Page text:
Picture it: You’re out at a social gathering for So and So’s birthday at Something Bar in Whatever Town, and What’s Her Face screams “LET’S TAKE A GROUP PIC!!!!!” Everyone scrambles to be front and center (I mean you’ll be tagged on Instagram, for Christ’s sake) while you frantically shuffle around in the middle of the photo, unable to escape your inevitable Wi-Fi-induced fate. A flash goes off, you’re forced to pose, and you panic. You pull one of these:
What the fuck happened? How did you . . . what is the . . . why is your hand in the air? YOU HAD ONE JOB — TAKE A PICTURE AND DO NOT LOOK LIKE AN IDIOT.
Well, spontaneously posing for a photo without looking like a complete idiot is actually really freaking hard. It also happens to be a huge part of working in fashion (hi, I work in fashion).
Before social media and front-facing iPhone cameras, editors and buyers were just faceless machines driving magazines and brands. Now, self-promotion is a mandatory part of the job — even fresh faces are required to utilize the Internet’s social space to attract a larger audience to view their work.
I’m already feeling the pressure of Fashion Week (my show invites are piling in), which serves as the most crucial time of the season for building a public image and gathering material for work. To be snapped by a street style photographer legitimizes status within the industry and confirms an A+ wardrobe.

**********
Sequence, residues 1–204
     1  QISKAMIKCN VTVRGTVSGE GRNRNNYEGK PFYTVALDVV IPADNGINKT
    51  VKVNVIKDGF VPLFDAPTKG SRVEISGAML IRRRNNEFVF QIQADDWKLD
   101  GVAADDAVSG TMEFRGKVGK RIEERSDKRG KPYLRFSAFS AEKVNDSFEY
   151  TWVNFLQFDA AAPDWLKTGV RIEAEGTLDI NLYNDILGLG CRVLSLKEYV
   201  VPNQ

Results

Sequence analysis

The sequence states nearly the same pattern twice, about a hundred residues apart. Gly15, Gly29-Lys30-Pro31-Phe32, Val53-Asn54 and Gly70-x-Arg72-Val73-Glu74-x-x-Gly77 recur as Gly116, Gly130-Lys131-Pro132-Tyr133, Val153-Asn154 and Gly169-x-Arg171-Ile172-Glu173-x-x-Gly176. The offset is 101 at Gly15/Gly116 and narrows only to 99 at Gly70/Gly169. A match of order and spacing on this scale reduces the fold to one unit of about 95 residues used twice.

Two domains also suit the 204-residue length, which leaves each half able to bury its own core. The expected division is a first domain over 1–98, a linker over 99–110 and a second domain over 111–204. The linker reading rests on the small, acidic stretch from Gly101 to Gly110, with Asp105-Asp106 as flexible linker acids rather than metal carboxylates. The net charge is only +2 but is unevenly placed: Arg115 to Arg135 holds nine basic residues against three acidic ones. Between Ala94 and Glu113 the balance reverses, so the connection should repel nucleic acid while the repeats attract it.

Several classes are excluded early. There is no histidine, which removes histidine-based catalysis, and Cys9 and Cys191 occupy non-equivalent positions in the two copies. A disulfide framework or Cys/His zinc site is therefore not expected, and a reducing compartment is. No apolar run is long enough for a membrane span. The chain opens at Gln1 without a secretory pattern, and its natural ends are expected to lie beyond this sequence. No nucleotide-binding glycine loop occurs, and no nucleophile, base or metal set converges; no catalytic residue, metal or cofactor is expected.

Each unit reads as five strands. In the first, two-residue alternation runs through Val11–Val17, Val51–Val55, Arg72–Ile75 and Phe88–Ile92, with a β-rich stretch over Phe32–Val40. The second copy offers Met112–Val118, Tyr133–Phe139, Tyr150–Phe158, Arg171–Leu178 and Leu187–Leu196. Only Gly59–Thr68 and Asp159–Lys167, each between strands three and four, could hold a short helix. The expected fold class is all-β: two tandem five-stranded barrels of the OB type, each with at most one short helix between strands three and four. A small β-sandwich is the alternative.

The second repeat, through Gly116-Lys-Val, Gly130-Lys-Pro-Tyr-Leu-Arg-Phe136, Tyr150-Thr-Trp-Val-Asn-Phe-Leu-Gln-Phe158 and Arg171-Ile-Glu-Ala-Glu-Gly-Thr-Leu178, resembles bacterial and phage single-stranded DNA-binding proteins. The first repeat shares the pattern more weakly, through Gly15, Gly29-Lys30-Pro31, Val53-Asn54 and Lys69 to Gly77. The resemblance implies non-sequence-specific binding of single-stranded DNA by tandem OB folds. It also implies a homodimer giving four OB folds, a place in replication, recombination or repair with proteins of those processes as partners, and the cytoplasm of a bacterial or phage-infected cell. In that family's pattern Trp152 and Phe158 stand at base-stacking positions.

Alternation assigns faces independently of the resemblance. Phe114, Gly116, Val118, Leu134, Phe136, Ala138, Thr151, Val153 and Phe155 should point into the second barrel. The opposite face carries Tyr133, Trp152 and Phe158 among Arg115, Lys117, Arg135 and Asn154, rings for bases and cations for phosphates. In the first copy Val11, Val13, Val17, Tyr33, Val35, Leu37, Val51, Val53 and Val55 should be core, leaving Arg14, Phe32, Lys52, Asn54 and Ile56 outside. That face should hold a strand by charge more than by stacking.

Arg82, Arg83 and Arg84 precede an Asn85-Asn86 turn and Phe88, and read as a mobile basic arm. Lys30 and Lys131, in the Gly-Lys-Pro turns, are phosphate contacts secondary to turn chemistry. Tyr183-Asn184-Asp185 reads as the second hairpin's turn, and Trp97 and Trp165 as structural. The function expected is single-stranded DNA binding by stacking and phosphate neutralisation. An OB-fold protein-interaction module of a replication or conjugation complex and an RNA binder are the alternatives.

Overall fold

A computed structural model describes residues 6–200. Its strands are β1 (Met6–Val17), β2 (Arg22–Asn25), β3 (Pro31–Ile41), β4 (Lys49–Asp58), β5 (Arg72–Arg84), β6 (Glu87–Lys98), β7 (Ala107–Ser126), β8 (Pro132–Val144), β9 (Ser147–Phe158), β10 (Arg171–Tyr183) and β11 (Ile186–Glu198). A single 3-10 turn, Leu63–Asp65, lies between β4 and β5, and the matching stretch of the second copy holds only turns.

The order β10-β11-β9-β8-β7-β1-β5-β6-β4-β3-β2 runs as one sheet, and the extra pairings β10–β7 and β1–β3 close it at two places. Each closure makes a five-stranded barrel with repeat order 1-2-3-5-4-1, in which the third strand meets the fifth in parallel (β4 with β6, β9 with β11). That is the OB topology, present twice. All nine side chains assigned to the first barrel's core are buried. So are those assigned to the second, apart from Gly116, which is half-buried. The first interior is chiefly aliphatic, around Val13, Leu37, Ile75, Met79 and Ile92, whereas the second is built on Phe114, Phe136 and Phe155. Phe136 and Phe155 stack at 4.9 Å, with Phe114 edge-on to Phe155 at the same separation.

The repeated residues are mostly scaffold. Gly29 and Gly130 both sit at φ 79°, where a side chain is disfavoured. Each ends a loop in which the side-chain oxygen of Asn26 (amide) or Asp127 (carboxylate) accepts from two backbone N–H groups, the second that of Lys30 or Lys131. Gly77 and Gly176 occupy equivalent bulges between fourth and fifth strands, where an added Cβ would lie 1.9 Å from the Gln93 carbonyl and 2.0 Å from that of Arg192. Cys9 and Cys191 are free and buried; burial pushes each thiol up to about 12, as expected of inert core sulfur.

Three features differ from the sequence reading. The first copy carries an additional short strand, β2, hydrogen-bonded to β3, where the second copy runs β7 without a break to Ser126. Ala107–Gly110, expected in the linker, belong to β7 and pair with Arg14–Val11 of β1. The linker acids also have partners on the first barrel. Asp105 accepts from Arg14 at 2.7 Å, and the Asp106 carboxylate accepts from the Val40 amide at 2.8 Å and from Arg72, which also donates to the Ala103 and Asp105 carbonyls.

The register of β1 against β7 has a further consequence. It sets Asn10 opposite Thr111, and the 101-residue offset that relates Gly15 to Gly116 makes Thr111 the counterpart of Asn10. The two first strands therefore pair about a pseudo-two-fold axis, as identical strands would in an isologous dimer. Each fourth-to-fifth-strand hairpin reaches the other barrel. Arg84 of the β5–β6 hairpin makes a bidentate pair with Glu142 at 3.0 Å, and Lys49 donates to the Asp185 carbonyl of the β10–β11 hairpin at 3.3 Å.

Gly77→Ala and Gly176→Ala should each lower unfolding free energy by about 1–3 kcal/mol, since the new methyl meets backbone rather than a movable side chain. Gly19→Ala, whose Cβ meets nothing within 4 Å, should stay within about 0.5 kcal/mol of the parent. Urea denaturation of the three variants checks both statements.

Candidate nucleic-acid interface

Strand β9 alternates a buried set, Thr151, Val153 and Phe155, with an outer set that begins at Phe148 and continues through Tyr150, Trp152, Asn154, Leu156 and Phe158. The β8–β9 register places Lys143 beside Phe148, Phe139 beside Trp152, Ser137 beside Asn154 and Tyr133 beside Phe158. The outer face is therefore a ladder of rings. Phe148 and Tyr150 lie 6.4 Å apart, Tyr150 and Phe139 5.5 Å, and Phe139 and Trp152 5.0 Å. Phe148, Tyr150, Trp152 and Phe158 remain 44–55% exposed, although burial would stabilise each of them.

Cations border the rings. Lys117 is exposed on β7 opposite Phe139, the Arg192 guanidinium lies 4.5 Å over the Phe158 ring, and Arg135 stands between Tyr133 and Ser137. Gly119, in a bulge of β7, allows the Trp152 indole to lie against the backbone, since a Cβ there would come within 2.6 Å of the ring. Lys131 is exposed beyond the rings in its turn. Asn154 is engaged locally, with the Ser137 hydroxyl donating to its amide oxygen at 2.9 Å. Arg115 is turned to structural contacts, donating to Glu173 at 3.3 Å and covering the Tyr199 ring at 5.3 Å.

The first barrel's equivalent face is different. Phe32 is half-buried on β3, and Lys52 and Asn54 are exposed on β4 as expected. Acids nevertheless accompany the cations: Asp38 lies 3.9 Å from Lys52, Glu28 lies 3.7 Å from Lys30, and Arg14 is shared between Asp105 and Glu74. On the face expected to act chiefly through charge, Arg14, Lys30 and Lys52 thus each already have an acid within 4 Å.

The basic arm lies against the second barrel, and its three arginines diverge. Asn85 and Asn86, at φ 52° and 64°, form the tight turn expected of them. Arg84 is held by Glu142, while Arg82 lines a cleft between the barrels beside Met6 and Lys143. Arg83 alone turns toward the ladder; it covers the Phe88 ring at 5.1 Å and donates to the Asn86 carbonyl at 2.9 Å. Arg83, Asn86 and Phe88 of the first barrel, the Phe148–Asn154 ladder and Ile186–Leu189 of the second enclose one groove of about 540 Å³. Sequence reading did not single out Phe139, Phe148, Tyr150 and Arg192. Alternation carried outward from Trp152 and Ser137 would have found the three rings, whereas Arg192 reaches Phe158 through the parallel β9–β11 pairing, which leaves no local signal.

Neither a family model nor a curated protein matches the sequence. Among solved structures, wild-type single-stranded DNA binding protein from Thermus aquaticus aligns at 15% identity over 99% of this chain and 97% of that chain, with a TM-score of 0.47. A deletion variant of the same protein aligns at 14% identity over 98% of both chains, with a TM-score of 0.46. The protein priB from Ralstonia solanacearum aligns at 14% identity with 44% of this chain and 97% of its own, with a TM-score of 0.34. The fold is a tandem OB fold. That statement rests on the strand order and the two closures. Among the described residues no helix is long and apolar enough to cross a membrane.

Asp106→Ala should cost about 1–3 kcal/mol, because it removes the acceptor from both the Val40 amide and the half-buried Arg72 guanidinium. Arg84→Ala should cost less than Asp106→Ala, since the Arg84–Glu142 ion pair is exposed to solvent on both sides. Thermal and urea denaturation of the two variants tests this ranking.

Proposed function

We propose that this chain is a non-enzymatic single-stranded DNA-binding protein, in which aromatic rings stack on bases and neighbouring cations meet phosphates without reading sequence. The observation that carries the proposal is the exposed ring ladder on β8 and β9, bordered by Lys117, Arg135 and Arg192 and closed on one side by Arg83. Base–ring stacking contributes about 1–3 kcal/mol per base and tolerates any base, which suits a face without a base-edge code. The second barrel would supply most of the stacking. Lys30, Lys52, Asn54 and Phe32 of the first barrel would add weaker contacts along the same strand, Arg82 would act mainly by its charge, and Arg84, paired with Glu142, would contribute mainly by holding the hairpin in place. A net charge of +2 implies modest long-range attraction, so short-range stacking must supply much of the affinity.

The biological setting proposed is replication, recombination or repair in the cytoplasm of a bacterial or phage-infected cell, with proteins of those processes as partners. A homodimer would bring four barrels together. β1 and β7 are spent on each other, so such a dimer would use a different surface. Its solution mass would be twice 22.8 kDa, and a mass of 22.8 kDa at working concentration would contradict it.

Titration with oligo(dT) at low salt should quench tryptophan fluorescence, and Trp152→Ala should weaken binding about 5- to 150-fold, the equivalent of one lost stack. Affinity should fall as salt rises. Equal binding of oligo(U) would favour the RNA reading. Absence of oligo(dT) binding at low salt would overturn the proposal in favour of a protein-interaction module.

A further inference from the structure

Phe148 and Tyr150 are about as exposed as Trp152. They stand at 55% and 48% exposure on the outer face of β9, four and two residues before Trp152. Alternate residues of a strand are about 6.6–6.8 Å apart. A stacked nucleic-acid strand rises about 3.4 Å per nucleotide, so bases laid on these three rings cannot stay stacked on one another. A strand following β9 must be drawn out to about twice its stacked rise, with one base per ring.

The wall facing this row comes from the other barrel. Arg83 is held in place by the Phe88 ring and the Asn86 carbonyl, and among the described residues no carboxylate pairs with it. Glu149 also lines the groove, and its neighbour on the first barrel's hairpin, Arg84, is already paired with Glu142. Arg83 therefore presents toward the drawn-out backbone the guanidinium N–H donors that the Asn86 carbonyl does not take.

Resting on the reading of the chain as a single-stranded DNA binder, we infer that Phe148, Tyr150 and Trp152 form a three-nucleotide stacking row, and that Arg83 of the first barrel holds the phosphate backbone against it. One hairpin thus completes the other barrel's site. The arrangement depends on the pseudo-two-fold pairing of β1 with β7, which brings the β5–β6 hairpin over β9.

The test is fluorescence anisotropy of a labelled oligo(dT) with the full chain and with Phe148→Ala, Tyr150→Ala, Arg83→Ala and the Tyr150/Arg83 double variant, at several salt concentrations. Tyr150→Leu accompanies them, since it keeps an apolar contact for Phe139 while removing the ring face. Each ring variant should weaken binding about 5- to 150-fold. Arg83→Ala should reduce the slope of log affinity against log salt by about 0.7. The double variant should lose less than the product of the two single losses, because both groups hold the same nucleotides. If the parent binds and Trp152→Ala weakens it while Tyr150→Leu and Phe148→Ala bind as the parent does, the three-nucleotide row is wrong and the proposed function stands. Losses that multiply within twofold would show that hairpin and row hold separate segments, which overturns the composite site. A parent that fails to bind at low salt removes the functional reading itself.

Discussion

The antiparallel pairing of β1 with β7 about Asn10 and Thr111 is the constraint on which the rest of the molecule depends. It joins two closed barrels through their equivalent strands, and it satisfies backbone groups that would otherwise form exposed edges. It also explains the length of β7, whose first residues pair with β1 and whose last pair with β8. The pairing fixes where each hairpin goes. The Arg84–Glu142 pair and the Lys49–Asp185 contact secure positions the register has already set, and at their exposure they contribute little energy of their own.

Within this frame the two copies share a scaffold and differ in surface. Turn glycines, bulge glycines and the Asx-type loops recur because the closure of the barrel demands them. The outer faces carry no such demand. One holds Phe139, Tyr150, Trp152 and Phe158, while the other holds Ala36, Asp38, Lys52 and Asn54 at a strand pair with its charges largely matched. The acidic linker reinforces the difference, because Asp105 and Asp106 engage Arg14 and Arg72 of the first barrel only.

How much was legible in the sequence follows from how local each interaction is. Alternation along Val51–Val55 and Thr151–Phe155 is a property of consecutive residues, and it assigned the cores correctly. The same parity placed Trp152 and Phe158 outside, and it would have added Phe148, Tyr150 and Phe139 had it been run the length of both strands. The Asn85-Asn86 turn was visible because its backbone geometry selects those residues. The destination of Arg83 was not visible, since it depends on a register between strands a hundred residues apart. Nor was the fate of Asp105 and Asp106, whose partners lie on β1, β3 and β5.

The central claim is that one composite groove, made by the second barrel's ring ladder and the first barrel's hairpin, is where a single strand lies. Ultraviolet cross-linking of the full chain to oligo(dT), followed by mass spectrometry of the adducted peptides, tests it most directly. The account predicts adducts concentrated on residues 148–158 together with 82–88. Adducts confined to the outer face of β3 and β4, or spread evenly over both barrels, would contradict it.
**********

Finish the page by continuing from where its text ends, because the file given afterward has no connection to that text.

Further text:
Tomy Ton is featured on Style.com for a reason greater than aesthetical entertainment — street style photos are an indication of trend direction, and a tool for almost every influential fashion and beauty magazine.
Do not waste your breath explaining the underlying self-destruction of obsessing over having your picture taken (or taking countless pictures of yourself), to a member of the fashion elite. We know. It’s too late for us. It’s too late for you too, Kim Kardashian, queen of self-portraiture.
Beloved fashion journalist Tim Blanks wisely noted in the street style documentary Take My Picture: People love glamour. If buzz around the narcissistic motivations of social media and those up-to-no-good millennials has taught us anything, it’s that we also love ourselves (I mean, love ourselves) and projecting a nonchalant image of superiority onto our many followers.
I normally hate to contribute to the stereotype, but statistics show that selfies are generation specific. Fifty-five percent of millennials have posted a picture of themselves to social media — I would bet that the other 45 percent just aren’t admitting to it. Inflicting one’s immaculate style on others while receiving validation in the form of likes and comments satiates an instinctive thirst for praise, approval, and glamour.
Basically I’m trying to say that I understand why caring about posing doesn’t matter in the grand scheme of life . . . but I don’t care. I still want to look cute on Instagram. Are you following me on Instagram?
Very few human flesh beings are born with a predisposed posing skill, and complicated poses require endless time and patience. That candid mid-step pose Rumi Neely and her coven can’t get enough of? Yeah, it takes roughly 300 attempts before nailing a perfect shot, all while running around like a chicken with its head cut off.
Or how about the Tyra Banks–approved hands-on-hips pose with a hunched back and concaved stomach? No, still no. I prefer not looking like I have to take a massive poop in photos.